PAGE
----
BOSTON - Should Massachusetts explore the benefits of a a bill that would incentivize businesses to make the switch through a pilot program made their case on Beacon Hill Tuesday.Supporters of
"Americans haven't had a meaningful reduction in working hours since. . . the 1930s," bill sponsor Rep. Dylan Fernandes, a Falmouth Democrat, testified before the Joint Committee on Labor and Workforce Development. "The five-day work week is a human construct and we think it needs updating."
The program called the "Massachusetts Smart Work Week Pilot" could reduce employee burnout without hurting business productivity, advocates argue. They also say it could make the state more attractive to job-seekers.
What is the four-day work week proposal in Massachusetts?
The two-year pilot program would offer a tax credit for businesses that reduce work hours for at least 15 employees, without giving them a pay cut.
Workers at businesses could opt out of the program if they choose. At the end of the trial period, employers would report on how the reduced work schedule affected employee well-being and productivity.
What have studies shown about four-day work weeks?
Wen Fan, an associate professor of sociology at Boston College, helped conduct anthat showed "overwhelmingly positive" results for both businesses and employees. The trial involved dozens of companies in the United Kingdom where employees worked a 32-hour week instead of 40.
"Employees reported that they were more productive, they thought they were performing a better job with a shift to a four-day work week," Fan testified. "Interestingly, about 15% of employees said that no amount of money would be high enough to convince them to go back to a five-day schedule."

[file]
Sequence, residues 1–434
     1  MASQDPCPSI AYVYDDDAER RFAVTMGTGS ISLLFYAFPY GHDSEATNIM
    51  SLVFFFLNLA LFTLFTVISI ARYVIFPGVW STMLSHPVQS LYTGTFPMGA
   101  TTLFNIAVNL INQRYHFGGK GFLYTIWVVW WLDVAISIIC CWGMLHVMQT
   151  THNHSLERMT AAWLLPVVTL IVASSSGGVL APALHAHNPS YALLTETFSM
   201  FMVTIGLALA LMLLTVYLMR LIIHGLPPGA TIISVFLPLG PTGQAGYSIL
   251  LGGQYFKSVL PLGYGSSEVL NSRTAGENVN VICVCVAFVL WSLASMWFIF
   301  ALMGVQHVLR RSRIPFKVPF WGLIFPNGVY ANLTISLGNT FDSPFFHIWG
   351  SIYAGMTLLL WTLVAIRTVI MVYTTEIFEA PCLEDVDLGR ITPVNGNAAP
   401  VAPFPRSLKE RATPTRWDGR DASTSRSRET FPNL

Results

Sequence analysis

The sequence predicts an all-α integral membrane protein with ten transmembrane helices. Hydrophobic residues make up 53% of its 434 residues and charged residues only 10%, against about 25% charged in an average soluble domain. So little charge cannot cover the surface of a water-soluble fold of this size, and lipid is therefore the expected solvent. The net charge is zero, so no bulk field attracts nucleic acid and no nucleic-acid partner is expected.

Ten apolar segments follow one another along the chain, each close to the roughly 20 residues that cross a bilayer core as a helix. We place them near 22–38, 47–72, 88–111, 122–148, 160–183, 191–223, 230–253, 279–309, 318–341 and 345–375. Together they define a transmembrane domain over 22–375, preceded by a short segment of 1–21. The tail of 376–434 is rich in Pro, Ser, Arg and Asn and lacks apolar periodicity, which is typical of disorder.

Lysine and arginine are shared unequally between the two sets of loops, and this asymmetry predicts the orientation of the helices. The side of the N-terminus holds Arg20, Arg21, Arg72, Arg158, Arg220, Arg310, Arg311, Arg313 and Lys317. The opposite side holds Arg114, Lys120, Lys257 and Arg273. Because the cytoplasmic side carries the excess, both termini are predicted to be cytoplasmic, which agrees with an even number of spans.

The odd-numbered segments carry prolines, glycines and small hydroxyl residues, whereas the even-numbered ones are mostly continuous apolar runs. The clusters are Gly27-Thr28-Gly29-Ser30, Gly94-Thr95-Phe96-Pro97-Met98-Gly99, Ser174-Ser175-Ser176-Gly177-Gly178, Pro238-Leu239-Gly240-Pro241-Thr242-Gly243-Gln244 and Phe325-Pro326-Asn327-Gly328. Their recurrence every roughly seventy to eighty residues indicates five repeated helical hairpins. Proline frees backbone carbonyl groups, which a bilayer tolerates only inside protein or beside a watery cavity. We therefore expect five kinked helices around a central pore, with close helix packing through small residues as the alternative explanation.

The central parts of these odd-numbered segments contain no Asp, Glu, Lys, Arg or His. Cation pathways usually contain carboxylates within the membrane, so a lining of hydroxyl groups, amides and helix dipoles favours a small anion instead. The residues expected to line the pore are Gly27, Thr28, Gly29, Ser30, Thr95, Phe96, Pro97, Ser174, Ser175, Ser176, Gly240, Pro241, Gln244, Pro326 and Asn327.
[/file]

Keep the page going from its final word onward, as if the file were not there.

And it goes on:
All 61 companies that participated in the trial chose to keep the four-day work week, researchers say. Alan Palm, executive director of the climate change nonprofit Better Future Project in Cambridge, said a switch to four days a week has worked for his team.
"Burnout among staff is a continual challenge," he said. "The 4-day work week has allowed us to boost the quality of life for our staff without impacting our budget."
Palm said there are also environmental benefits, as going into the office less means fewer car trips and a smaller carbon footprint.
Possible challenges of a four-day work week?
Rep. Donald Wong, a Saugus Republican and restaurant owner, questioned advocates about whether the program would work for everyone.
"Police officers or firefighters, how could they have a four-day work week?" Wong asked.
Fan acknowledged that the pilot is geared "predominately" for white collar workers, but she said it could also have benefits for the construction, restaurant and manufacturing industries.
"The point is that with this broader rethink of the work process, you are able to get the productivity to go up, so you can get the same amount of work done using a smaller amount of time," she said.
How businesses and Massachusetts could benefit from a four-day work week
Fan said her study found that a four-day work week could be a good way for companies to attract workers. Fernandes said it would help both businesses and the state.
"It benefits businesses by actually increasing productivity of workers, which is something that is counterintuitive but borne out in data," he said. "It also helps attract talent and retain talent. When we think about Massachusetts' competitiveness, one of the biggest issues we face right now is attracting and retaining a workforce."
Has a four-day work week been tried in Massachusetts before?
a four-day work week for town workers in recent years - but it didn't mean a reduction in hours.
Town employees worked three nine-hour days, plus one 11-hour day for a total of 40 hours a week.
"We do work, we work hard because now we've got five days squished into four days but it hasn't been a problem," town administrator Sean Fitzgerald told WBZ-TV.
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